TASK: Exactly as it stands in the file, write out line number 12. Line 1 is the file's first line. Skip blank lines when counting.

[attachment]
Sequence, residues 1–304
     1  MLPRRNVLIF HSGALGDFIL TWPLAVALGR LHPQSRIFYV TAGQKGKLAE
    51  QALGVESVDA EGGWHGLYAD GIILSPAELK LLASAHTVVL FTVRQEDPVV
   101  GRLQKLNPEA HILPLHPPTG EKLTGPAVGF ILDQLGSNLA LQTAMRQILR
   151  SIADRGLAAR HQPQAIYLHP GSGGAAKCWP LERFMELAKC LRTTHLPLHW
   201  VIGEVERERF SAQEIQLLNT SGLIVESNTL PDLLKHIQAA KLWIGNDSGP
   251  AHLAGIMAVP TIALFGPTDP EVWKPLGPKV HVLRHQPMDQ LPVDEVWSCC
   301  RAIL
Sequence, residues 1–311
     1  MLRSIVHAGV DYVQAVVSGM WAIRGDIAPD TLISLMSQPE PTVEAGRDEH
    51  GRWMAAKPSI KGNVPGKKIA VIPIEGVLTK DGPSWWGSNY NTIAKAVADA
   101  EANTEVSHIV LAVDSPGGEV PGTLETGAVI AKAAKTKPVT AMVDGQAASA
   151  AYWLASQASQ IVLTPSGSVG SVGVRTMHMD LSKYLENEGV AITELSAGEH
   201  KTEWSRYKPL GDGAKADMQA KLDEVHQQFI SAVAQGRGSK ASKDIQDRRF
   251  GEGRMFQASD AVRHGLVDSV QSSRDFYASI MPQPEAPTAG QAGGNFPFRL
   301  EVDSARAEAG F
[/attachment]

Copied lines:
   101  EANTEVSHIV LAVDSPGGEV PGTLETGAVI AKAAKTKPVT AMVDGQAASA